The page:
For Credit: The Winding Down of the Semester

In random bullet form, because there's not a lot of coherence here, but I don't want to make a series of microposts. The bloggy question is the last bullet point.
  • You people don't eat wings? The senior English majors in Later C18 Lit (427) had lots of suggestions. So did the folks in Intro to Fiction (109). I'm not sure what to make of the silence from my (ahem) Enlightenment class. 
  • In case you were wondering, good wings are, apparently, to be found at Buffalo Wild Wings, Hooters, Farren's, Black Dog, Brothers, Applebees (half price after 9:30), and Gumby's. But  the Intro to Fiction class mostly recommended BWW.  Then again, according to a 2-year old Buzz review of CU wings, which someone in Later C18 Lit helpfully linked to, BWW isn't that good. So now you know. (Me, wings have always seemed like a lot of work relative to the payoff. I'll have a brisket sandwich with extra sauce and sweet potato fries at Black Dog or a cheeseburger at Farren's--and leave the wings for someone else.)
  • As I announced in class today, we'll finish up Candide on Friday; Monday we'll review the semester and I'll pass out the exam questions. Wednesday, we'll discuss the reading that will appear on the exam.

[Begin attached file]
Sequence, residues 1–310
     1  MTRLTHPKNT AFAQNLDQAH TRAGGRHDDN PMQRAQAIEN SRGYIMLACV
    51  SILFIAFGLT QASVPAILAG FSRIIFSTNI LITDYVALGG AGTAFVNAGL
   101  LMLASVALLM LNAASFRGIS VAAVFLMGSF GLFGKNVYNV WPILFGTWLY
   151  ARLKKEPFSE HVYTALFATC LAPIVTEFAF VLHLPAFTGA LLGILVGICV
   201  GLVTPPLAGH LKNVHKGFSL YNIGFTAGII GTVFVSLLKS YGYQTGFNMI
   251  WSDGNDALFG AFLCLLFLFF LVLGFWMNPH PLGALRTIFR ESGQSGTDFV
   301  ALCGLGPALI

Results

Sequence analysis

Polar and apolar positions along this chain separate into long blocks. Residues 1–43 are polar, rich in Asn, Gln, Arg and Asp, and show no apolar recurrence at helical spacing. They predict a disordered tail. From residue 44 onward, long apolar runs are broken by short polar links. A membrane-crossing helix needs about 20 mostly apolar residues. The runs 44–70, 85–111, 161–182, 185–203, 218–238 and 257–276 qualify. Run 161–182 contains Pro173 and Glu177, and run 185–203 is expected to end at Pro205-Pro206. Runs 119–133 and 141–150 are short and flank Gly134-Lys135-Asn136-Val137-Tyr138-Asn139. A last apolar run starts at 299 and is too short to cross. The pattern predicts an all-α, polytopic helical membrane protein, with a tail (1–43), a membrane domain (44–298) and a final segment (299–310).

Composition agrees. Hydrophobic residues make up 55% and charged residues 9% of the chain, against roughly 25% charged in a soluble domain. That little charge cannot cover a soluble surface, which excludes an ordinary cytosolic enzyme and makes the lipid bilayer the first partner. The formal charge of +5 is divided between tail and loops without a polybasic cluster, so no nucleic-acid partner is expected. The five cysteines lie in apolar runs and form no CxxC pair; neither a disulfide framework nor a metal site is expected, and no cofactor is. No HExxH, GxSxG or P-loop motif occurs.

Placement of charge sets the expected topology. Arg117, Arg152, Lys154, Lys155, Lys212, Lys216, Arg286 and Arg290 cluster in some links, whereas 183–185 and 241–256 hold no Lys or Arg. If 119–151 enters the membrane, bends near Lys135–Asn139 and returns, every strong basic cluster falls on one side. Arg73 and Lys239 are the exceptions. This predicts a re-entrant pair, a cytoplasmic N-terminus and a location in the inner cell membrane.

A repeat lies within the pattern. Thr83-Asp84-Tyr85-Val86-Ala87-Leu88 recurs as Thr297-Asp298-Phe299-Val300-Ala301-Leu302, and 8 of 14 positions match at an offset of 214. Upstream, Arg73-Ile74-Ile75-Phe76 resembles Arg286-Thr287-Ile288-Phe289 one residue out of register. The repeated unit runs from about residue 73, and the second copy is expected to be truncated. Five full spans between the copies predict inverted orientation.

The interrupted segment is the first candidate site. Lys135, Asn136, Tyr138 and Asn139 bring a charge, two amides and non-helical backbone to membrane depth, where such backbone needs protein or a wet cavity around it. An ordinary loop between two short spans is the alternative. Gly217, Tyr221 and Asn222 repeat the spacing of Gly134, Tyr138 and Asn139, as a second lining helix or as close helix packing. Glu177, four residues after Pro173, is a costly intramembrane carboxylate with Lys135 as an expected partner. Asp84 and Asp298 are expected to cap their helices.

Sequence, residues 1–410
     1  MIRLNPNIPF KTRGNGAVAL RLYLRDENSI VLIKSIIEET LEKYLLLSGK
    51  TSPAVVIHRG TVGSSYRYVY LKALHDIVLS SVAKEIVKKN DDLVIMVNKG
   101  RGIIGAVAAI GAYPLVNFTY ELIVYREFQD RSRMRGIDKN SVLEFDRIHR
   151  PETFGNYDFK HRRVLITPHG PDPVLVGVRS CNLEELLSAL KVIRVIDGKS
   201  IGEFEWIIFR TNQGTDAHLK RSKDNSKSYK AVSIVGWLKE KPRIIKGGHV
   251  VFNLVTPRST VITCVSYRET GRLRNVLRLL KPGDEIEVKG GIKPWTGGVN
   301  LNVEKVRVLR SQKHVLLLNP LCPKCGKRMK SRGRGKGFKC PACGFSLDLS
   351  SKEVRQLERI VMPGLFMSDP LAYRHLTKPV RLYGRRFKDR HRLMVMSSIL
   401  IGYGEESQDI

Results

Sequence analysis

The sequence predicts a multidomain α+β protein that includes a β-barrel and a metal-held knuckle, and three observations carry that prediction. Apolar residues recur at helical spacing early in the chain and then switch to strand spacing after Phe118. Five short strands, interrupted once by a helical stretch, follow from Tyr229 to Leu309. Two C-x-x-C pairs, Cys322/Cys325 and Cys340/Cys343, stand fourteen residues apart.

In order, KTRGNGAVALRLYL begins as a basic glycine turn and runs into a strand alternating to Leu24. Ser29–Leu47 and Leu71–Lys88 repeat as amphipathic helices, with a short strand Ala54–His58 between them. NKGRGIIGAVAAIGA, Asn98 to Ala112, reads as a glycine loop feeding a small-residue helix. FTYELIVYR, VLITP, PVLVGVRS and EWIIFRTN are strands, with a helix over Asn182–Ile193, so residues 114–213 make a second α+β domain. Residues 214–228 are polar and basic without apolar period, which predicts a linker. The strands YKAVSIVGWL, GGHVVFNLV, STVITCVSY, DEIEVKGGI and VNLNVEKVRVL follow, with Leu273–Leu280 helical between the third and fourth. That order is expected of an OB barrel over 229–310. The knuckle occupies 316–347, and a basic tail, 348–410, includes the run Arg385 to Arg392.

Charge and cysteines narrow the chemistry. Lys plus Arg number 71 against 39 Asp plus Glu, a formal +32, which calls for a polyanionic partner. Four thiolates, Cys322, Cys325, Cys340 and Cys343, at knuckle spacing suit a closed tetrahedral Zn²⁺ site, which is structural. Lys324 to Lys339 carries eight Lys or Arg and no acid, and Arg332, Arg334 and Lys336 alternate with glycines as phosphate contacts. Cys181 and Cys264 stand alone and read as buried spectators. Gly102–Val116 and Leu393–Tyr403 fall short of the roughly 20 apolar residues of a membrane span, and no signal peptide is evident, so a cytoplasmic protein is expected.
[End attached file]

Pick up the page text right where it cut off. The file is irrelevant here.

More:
• I misspoke in class.  The exam will have three questions: one requiring you to make sense of some Enlightenment-era text you haven't seen before, one inviting you to think broadly about the semester's reading as a whole, and (this is the part I forgot) a question on Candide.
  • As some of you have noticed, there's an Exploration Assignment listed on the syllabus that never got assigned.  It won't be.  You all have had plenty to do this semester as it is.  Instead I'll just give everyone the 10 points.
  • SO, here's the bloggy question for credit: How should the exam prompt your best thinking about Candide?  Propose a good exam question. It should elicit 2 - 3 pages of double-spaced interpretive writing, be only answerable by someone who has read the text attentively and paid attention to the issues raised in class, and demonstrate the skills one has mastered over the course of the semester.

Deadline: Friday (4/29), start of class.

Monday, April 25, 2011

For Credit: God (as Promised)

Not ALL religious feeling comes under satirical attack in Candide. Jacques, the generous Anabaptist, and the El Doradans profess their faith and seem to go uncriticized for it. An oversight on Voltaire's part, or a cue to the positive views being advance in this novel?

Deadline: Wednesday (4/27), start of class.

Sunday, April 24, 2011

Happy Easter!

Wishing a festive holiday to everyone who is celebrating today.

The image is the earliest known depiction of an Easter bunny in the Americas.  It is thought to be by a Pennsylvania schoolmaster (originally from Germany), Johann Conrad Gilbert.  It's on display at the Winterthur Museum in Delaware, which only recently acquired it.  You can read more about the picture here.